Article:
“The schools that were weak coming in are going to be weaker coming out.”
This is only the beginning. If colleges continue to remain only half open and enforce strict rules for behavior due to the pandemic, it will only get worse.
The Boston Globe reports:
Enrollment plummeted at many New England colleges this fall
Many New England colleges experienced unprecedented enrollment declines this fall, as students opted out of remote learning or job losses pushed tuition out of reach, putting further pressure on financially struggling institutions.
At more than two dozen colleges and universities across the region, the number of full-time graduate and undergraduate students plummeted by more than 20 percent this September compared with the previous year, according to the New England Commission of Higher Education, the regional accrediting agency.
Another 50 colleges saw their enrollments drop by between 10 and 20 percent, according to Lawrence M. Schall, president of the accrediting agency.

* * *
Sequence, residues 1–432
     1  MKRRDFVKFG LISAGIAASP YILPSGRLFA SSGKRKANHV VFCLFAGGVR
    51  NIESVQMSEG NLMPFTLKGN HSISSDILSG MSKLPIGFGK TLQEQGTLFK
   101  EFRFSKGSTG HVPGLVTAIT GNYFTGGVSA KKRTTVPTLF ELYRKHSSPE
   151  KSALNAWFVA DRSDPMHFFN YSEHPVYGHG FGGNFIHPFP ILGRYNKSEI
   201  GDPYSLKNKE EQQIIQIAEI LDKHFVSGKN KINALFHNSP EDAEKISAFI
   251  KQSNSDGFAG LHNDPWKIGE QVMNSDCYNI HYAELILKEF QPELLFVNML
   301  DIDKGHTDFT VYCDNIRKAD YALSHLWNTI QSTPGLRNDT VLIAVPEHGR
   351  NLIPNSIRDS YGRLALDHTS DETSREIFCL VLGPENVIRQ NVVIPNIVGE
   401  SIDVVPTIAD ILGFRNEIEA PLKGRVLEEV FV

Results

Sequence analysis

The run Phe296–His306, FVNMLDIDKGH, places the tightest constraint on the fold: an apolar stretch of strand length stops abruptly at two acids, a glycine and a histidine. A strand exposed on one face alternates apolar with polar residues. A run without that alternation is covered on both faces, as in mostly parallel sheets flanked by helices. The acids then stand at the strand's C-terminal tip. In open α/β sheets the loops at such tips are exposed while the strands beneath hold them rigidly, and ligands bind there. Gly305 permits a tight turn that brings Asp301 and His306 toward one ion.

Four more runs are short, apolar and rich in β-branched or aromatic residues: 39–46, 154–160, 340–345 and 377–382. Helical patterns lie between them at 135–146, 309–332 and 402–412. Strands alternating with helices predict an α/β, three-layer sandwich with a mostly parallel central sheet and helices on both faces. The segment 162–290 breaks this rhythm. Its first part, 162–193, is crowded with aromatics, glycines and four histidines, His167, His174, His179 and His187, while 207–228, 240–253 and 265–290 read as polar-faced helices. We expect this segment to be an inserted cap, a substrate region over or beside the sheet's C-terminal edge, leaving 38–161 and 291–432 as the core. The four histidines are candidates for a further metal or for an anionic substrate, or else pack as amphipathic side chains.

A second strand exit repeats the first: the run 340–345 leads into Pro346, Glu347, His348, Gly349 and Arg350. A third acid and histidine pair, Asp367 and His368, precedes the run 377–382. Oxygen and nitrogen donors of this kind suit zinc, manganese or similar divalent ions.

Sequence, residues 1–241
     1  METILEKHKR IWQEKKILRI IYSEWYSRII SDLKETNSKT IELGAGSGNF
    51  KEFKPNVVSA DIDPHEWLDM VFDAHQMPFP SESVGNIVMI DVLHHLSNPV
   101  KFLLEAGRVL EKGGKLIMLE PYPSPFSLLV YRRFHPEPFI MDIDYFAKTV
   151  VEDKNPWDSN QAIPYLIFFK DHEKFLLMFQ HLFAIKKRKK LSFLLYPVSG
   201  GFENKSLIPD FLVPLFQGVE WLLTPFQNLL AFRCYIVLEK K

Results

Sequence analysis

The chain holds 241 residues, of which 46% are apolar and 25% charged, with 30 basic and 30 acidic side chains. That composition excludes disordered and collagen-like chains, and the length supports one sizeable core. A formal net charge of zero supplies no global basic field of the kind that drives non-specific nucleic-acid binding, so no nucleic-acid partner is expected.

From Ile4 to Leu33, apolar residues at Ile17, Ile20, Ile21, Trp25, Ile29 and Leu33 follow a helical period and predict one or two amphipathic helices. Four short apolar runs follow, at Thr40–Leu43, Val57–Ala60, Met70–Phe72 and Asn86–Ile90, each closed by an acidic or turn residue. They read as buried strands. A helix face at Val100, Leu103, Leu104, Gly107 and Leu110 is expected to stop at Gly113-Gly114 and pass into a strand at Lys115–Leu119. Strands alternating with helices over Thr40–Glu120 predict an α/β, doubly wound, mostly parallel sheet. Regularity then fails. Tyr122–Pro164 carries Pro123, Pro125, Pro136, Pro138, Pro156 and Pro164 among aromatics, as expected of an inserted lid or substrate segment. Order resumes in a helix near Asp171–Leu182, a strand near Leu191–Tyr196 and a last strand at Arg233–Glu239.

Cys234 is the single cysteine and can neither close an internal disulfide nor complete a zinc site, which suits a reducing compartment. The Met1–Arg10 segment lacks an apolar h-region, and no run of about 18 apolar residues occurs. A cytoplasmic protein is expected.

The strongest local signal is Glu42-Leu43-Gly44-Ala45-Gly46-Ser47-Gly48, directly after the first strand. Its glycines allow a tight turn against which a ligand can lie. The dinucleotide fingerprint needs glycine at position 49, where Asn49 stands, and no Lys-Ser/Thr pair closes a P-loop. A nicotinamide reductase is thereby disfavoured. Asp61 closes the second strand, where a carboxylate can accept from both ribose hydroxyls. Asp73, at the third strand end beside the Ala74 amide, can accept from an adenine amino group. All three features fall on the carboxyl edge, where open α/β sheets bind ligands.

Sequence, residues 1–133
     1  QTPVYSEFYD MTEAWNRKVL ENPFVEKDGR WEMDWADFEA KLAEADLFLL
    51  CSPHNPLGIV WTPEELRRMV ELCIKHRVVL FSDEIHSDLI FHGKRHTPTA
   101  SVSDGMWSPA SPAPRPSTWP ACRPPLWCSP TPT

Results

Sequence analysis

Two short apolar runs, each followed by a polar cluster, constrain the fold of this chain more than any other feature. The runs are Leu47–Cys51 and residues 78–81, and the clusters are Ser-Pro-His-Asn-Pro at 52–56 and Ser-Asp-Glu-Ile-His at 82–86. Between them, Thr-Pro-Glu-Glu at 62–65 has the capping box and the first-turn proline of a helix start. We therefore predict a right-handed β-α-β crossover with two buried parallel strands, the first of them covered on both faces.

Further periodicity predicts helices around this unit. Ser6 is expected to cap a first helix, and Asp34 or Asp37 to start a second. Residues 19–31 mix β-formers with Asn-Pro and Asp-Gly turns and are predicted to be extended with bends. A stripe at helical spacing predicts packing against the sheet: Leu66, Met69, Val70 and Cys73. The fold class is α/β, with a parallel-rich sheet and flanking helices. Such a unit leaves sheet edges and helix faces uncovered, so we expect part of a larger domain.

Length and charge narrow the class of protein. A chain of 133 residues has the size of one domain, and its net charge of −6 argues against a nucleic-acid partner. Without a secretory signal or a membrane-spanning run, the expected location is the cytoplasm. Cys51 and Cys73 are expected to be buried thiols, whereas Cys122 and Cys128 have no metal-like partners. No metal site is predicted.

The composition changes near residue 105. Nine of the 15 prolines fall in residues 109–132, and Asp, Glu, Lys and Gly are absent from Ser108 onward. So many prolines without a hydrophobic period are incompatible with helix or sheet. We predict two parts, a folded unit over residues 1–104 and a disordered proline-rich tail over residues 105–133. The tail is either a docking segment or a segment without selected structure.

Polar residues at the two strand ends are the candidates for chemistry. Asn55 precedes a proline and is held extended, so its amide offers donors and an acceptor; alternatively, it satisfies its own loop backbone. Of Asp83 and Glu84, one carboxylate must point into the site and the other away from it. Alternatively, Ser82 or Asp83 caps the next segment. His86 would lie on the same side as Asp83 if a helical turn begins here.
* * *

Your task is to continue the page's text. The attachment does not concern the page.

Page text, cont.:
“[The pandemic] will accelerate the financial pressures,” Schall said. “The schools that were weak coming in are going to be weaker coming out.”
Colleges nationally have also seen enrollments decline. According to a survey of more than 9.2 million students, released Thursday by the National Student Clearinghouse Research Center, undergraduate enrollment fell by 4 percent, driven in large part by first-year students opting not to attend college this fall. Total undergraduate and graduate enrollment is down 3 percent nationally compared to the same time last year.
Nationally, there are 16 percent fewer first-year students attending college, and the erosion is even sharper at community colleges, where first-year enrollment plunged by more than 22 percent, according to the clearinghouse.
The pandemic has hit community colleges and many of the students they serve — low-income, working parents, and Latino and Black degree-seekers — particularly hard. The public health crisis of the coronavirus pandemic and the ensuing effect on the economy have meant job losses and additional child care responsibilities for these students and have forced many to shelve their college plans.
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